We are very excited to be able to offer this cutting edge procedure performed by our highly trained team of veterinary surgeons. Minimally invasive surgery is not just about small wounds. Correctly applied, minimally invasive surgery techniques results in safer, visual surgery, with lower risks, and excellent outcomes. Small wounds are not the ultimate aim, but a benefit – the real aim is safer surgery with better outcomes.
Your pet’s surgery will only be performed by vets who have undertaken extensive additional training, therefore there are limited slots available for this surgery. The team is led by clinical directors Dr Ellen Coker BVSc MRCVS and Dr Emma Hasleton BSc(Hons) BVSc CertAVP(GSAS) PgCertVPS MRPharmS MRCVS, both of whom have many years of experience in the veterinary field.
In order for your pet to be eligible for keyhole neutering we ask you to ensure the following requirements apply:
- Is your dog over 7kg?
- Is it more than three months since their last season?
- Are you aware of the additional supplement payable for keyhole surgery?
How is it different from traditional neutering?
- There will be three small incisions to allow insertion of the camera equipment and surgical equipment.
- The surgeon sees on a high quality video screen an image of what they are doing. This magnified image gives clear illuminated image of the surgical site.
- Ovaries only are removed – this is different to traditional neutering where the entire uterus is also removed. There is no difference whatsoever in terms of outcome or post-operative consequences if only the ovaries are removed.
- A state of the art diathermy machine is used to stop blood flow so there is no reliance on surgical knot tension or worry about sutures slipping.
- The cost is an additional £150 on top of the normal spay price.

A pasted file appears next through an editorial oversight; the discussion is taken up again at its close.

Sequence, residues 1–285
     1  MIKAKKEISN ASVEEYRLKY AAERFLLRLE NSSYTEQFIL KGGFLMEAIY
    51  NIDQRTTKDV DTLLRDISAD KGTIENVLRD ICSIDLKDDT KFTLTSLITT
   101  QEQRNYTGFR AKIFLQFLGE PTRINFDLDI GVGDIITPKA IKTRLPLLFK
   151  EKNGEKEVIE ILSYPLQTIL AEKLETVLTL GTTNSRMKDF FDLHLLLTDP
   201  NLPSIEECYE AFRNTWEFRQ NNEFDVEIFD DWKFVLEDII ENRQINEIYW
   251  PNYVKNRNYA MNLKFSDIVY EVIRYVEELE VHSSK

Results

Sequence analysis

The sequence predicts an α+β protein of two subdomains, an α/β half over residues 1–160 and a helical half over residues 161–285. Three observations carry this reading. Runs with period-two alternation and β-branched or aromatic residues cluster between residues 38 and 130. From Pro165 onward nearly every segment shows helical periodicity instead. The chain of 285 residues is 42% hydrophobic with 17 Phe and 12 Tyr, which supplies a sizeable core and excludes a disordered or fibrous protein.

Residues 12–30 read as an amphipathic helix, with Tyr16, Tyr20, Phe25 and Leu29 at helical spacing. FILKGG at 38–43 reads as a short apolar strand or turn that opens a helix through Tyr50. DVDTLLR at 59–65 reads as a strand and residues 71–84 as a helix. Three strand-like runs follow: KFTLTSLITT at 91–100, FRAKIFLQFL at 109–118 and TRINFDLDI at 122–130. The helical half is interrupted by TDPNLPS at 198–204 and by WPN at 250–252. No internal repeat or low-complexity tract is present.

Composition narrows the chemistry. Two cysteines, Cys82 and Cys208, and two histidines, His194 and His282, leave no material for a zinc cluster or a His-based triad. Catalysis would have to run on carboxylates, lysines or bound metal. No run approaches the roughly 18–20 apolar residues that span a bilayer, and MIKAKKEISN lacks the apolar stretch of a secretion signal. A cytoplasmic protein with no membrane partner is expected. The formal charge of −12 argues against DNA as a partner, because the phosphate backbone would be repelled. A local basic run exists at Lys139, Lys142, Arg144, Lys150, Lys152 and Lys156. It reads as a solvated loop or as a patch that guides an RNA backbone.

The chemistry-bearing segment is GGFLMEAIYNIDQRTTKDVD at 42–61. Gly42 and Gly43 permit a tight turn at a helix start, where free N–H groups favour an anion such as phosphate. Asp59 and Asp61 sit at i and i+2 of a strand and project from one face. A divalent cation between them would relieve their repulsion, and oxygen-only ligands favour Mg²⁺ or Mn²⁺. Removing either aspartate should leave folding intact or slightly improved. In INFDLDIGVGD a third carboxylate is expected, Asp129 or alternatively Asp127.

Why is this beneficial to my pet?
- Your pet will have three small incisions rather than one long one without the need for external stitches.
- There is a reduced risk of bleeding during surgery.
- There is a reduced chance of post-operative wound breakdown and infections.
- There is a quicker recovery – typically 3-4 days rather than 10-14.
- There is less pain associated with the surgery and the recovery.
- Magnification allows for excellent visualisation of abdominal organs.
- Day case so most patients can go home the same day.
- In larger dogs a Gastropexy can be performed with the camera at the same time as the spay to potentially prevent GDV (Bloat) which is a potentially fatal condition.
Can all vets perform laparoscopic surgery?
- Laparoscopic surgery requires additional training and specialised equipment, which is only available in a small number of first opinion veterinary surgeries.
Who will be performing the laparoscopic surgery?
- Currently only our two most senior vets and clinical directors are trained to perform these procedures.
- Dr Ellen Coker has over 15 years of experience and has led the clinical team at Regan Veterinary Group for a number of years. She is a highly skilled and experienced soft tissue surgeon and performs complex ophthalmic surgical procedures across the group.
- Dr Emma Hasleton is a Royal College of Veterinary Surgeons recognised advanced practitioner in general small animal surgery and has led the clinical team at Regan Veterinary Group for around two years. She gained the RCVS certificate of advanced practice, covering both soft tissue and orthopaedic surgery, in 2017 and performs all the complex soft tissue and orthopaedic surgical procedures across the group.
What possible complications can occur?
- On rare occasions the keyhole surgery may need to be converted to full exploratory laparotomy if there are any unforeseen circumstance or the surgeon is not happy with the progress of the procedure.
- The incision sites can become infected.
- The stitches in the incision sites can come apart.
- Internal bleeding – 1 in 1000 risk.
It is generally recognised that laparoscopic surgery is at the forefront of veterinary medicine and we are thrilled to be able to offer this to your pet.